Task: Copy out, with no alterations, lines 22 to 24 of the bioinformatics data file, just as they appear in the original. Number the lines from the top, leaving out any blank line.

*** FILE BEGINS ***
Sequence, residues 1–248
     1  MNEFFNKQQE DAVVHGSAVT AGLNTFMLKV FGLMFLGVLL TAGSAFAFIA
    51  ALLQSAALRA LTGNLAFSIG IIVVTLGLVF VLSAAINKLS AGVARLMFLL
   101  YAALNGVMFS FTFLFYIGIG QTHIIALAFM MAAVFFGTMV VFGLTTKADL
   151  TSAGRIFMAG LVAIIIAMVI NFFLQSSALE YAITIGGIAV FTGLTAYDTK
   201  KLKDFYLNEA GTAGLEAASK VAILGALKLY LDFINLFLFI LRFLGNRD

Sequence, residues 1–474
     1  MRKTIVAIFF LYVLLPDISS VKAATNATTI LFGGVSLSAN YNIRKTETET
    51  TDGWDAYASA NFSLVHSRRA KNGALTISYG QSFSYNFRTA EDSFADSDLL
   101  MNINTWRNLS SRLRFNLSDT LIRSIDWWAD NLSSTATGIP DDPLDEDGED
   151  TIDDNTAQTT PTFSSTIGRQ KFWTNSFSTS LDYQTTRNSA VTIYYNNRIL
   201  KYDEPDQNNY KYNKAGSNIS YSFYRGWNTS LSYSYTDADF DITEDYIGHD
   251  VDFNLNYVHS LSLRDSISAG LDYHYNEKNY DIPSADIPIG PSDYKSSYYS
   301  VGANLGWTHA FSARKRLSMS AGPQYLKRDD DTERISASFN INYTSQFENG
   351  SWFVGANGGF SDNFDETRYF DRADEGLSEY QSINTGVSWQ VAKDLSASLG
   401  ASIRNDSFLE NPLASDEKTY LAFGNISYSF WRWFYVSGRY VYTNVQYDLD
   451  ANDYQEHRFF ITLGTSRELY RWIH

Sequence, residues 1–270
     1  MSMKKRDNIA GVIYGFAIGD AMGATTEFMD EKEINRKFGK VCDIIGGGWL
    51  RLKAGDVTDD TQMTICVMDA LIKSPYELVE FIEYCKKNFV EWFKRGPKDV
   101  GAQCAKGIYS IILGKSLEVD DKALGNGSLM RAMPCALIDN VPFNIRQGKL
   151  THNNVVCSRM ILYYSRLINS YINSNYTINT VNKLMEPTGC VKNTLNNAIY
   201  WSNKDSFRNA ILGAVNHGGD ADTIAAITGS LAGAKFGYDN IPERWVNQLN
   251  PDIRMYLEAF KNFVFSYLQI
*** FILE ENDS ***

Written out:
   151  THNNVVCSRM ILYYSRLINS YINSNYTINT VNKLMEPTGC VKNTLNNAIY
   201  WSNKDSFRNA ILGAVNHGGD ADTIAAITGS LAGAKFGYDN IPERWVNQLN
   251  PDIRMYLEAF KNFVFSYLQI